Moto E hands-on show the colored covers, compare it to the Moto G


The Motorola Moto E was just launched earlier today, with plenty of good specs and an even better price tag. At around $120, the low-end smartphone packs more than expected with a dual-core Snapdragon 200 processor, a 4.3″ qHD display, splash-resistant nanocoating, 1GB of RAM, a microSD card slot for more storage, and so on. Here are some of the first and most interesting hands-on videos with the device.

First of all is a short hands-on video from AndroidCentral with a quick hardware and software tour of the phone, including the buttons and ports, as well as Motorola’s UI skin — or lack thereof — and its bundled apps. The Moto E appears to be snappy and ready to deal with everything, from scrolling to swiping, opening apps, and switching between them.

A second hands-on by my friend Clinton Jeff shows the Indian variant of the Moto G, with its Dual-SIM support under the battery cover. Clinton mentions a few of the regional details of the Moto E, including its price in India and release on Flipkart. He also tours the phone, shares the fact that the lower bar on the front of the phone isn’t a button but a mono speaker, and gives us a glimpse of some of the battery cover options available as well as the grip shell. The latter is a flexible shell with a shockproof design that covers not only the back, but also all sides of the phone, forming a bumper around it.

If you’re further interested in the available back covers, both FoneArena (image shown on top) and The Verge (below) have hands-on photo galleries with the different colors.


Btekt has a hands-on comparison between the Moto E and its older and slightly higher spec’ed sibling, the Moto G. The Moto E is shown to be smaller than the G, thanks to its 4.3″ screen. And despite bringing a lower-resolution, Btekt emphasizes that the Moto E screen’s 250ppi is quite respectable and clear to look at. Other differences include the lack of a front-facing camera and rear-facing LED flash, and the addition of a microSD slot on the Moto E compared to the G. Aside from that and the processor (dual-core vs quad-core), the two devices are quite similar in design, ergonomics, customizability, and even in their splash-resistant nano-coating.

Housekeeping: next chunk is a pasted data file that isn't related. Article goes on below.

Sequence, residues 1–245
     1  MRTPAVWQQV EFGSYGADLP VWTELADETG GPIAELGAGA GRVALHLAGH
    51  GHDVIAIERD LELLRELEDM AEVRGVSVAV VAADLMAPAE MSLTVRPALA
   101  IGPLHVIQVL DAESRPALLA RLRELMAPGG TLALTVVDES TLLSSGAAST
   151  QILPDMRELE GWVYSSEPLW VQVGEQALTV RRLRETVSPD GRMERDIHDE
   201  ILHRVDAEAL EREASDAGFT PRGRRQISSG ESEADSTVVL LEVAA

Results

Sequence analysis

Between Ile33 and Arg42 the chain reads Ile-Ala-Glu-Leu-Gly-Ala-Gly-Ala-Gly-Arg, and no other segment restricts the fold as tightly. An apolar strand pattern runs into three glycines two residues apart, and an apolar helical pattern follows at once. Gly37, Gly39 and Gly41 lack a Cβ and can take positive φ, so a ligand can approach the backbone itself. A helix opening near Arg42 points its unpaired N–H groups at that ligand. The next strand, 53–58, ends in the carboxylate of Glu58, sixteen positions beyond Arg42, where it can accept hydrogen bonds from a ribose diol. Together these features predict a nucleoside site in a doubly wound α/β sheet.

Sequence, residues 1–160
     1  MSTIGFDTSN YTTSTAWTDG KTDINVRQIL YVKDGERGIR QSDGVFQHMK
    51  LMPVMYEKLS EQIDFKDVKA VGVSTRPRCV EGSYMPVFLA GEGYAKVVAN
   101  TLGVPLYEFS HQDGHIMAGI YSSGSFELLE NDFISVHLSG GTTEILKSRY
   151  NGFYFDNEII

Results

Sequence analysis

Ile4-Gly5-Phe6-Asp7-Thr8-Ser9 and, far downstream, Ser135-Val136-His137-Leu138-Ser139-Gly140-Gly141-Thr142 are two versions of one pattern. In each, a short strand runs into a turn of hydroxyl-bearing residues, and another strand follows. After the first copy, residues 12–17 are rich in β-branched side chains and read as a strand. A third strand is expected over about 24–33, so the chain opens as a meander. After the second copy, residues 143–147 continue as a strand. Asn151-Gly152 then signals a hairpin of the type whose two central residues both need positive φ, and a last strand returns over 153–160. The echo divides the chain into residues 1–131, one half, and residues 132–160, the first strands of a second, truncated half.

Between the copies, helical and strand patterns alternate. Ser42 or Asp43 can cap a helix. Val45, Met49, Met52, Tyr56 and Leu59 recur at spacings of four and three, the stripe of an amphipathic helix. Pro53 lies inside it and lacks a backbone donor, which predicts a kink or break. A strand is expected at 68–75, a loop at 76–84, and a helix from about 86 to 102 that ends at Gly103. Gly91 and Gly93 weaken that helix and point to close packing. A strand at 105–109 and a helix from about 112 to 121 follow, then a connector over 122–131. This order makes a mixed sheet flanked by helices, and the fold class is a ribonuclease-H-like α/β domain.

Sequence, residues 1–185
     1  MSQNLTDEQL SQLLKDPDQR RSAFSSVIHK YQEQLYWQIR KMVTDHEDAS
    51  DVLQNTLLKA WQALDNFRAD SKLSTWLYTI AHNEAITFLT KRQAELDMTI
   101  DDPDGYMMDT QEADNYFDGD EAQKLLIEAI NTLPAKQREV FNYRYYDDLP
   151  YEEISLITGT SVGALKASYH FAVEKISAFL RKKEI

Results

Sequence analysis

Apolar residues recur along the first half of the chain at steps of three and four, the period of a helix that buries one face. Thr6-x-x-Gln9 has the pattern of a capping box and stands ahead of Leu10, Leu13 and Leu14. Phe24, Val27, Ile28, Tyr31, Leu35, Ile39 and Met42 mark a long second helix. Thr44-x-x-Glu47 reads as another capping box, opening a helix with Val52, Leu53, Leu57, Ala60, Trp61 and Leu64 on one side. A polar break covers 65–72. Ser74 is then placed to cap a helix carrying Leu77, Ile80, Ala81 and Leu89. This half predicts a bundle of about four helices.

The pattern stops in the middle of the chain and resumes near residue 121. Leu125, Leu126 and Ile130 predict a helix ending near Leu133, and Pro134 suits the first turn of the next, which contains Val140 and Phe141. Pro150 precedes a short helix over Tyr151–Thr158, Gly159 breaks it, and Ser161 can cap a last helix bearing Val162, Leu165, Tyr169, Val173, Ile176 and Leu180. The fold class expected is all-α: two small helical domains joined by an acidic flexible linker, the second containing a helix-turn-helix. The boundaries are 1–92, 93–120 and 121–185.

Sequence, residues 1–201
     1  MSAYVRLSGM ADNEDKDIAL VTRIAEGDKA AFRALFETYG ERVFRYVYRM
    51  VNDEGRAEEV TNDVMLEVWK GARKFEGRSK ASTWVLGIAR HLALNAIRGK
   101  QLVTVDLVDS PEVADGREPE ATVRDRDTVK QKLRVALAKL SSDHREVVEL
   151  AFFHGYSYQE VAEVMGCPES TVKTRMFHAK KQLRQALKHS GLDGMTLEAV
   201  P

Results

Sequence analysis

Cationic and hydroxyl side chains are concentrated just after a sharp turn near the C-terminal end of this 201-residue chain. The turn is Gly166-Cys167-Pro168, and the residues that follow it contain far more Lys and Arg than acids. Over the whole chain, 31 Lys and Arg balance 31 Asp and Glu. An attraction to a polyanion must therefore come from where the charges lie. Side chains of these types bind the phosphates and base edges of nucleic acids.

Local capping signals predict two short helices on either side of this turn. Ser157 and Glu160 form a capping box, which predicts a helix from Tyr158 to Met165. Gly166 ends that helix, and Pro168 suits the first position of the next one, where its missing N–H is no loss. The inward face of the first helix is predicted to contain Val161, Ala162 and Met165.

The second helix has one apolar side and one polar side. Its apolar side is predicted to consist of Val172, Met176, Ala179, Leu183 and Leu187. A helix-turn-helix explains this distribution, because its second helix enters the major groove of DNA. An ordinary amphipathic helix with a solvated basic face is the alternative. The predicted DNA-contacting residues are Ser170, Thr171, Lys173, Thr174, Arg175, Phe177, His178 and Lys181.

And finally, PhoneArena have a demo of Motorola Alert, the new feature introduced with the Moto E that should also make its way to the Moto G and X later on. Alert is divided in 3 sections: Assist that notifies important contacts when you’ve reached a specific key place, Meet Me that shares your location with contacts, and Emergency which notifies your important contacts and starts a phone call with them.

What do you think of the Moto E? It may not be the high-end smartphone that will appeal to most readers of this site, but it is an affordable entry in the smartphone world for current feature phone users. On paper and in person, it looks like great value for money.

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